Giant Tortoises Have Good Memories

December 4, 2019

Color discrimination: Female Galapagos tortoise performing correct trial. Note the visual barrier in the background

Tamar Gutnick, Anton Weissenbacher, Michael J. Kuba

Aldabra (Geochelone gigantea) and Galapagos (Chelonoidis sp.) tortoises are trainable in certain respects and have long memories, according to new research from Okinawa Institute of Science and Technology and the Hebrew University and Tiergarten Schönbrunn, Maxingstrasse.

Researchers Tamar Gutnick, Anton Weissenbacher and Michael Kuba initially believed that the tortoises retained good memory because of the long distances that they traveled on the Galapagos and Aldabra islands. They figured that the tortoises had to remember the paths that they traveled. So, the researchers conducted training exercises with both species of tortoises living in zoos, teaching them to bite on the same colored ball that was attached to a stick.

New Galapagos Tortoise Species Discovered And Described

When they bit the correct colored ball, they received a reward, but when the wrong ball was bit, they did not. 

More than three months after the initial exposure to the colored balls, the tortoises were then presented with the same balls and sticks. The tortoises remembered the training and picked the correct ball. Nine years later, the researchers went back to see the tortoises at the zoos and exposed them to the balls, and each of the tortoises picked the correct ball without having to remind them in any way.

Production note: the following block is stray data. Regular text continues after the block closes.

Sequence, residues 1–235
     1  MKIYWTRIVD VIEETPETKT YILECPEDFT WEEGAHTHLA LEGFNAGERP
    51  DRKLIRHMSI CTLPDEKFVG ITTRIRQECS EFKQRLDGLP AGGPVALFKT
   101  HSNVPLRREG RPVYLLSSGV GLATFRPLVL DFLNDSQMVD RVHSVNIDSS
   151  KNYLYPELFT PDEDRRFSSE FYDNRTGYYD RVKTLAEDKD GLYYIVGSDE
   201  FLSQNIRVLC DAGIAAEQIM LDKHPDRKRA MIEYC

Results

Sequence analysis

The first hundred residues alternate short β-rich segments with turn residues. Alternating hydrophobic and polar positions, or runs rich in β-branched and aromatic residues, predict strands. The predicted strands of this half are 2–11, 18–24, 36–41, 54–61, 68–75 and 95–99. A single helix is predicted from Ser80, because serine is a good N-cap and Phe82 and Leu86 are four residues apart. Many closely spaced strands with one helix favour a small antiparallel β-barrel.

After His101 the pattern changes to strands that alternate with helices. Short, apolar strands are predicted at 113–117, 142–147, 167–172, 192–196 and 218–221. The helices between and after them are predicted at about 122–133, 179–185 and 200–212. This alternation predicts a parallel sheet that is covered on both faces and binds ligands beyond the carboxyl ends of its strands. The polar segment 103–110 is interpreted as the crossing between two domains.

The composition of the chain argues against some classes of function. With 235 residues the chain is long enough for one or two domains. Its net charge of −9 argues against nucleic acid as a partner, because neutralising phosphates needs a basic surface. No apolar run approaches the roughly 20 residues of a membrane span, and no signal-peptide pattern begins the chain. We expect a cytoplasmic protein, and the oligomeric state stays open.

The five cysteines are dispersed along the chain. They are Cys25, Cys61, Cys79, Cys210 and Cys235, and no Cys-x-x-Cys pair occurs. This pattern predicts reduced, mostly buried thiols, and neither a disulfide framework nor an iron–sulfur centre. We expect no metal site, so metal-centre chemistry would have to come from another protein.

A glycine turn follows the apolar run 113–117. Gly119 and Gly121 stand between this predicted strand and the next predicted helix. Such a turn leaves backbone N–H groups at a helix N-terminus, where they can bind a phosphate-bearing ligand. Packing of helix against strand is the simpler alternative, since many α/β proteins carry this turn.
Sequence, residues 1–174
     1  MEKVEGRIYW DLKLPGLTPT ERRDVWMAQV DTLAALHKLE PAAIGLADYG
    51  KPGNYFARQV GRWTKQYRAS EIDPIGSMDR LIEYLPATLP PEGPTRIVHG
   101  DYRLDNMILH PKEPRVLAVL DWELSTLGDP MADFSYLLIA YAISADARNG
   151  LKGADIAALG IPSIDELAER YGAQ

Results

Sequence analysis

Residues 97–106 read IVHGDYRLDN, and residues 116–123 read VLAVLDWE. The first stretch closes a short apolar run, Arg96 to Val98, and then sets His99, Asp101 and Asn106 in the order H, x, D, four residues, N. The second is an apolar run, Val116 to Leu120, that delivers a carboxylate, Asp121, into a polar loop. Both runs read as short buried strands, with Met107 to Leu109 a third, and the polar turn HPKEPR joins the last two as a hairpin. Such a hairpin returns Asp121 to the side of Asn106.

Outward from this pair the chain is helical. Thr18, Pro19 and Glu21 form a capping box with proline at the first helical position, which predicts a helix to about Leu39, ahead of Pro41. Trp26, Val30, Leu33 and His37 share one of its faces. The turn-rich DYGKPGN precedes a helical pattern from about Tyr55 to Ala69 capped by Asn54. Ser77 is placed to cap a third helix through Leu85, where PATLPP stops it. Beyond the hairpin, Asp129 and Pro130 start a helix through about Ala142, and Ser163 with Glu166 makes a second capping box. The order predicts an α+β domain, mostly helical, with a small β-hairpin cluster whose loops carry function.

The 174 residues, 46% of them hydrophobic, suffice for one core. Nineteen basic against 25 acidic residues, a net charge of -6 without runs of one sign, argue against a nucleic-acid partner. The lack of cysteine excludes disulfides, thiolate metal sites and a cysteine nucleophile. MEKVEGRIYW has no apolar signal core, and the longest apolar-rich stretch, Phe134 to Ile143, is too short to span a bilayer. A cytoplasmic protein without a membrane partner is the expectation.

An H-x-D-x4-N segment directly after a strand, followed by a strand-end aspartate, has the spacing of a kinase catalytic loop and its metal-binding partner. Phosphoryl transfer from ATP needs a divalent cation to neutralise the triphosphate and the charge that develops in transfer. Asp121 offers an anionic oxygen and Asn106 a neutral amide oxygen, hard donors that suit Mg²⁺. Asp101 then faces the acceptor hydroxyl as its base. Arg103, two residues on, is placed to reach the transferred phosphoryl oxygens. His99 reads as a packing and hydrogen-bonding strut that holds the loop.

The researchers also noted that the tortoises seemed to learn faster in groups, suggesting that the tortoises learned from their fellow chelonians.

An astract of the paper "The underestimated giants: operant conditioning, visual discrimination and long-term memory in giant tortoises," can be read on the Animal Congition/Springer website. 

Related Articles

Earliest Reptile Footprints

The earliest evidence for the existence of reptiles has been found in Canada.

How Tadpoles Optimize Their Buoyancy

Tadpoles are well-equipped to adjust their buoyancy in the water.

Blood and Short-tailed Python Care Sheet

The best blood and short-tailed python care and information.

Add your comment:
Edit ModuleShow Tags
Edit ModuleShow Tags Edit ModuleShow Tags
Edit Module

Cast Your Vote

Do you plan on any additions to your collection?


Edit ModuleShow Tags Edit ModuleEdit Module

Find Us On facebook

Edit ModuleShow Tags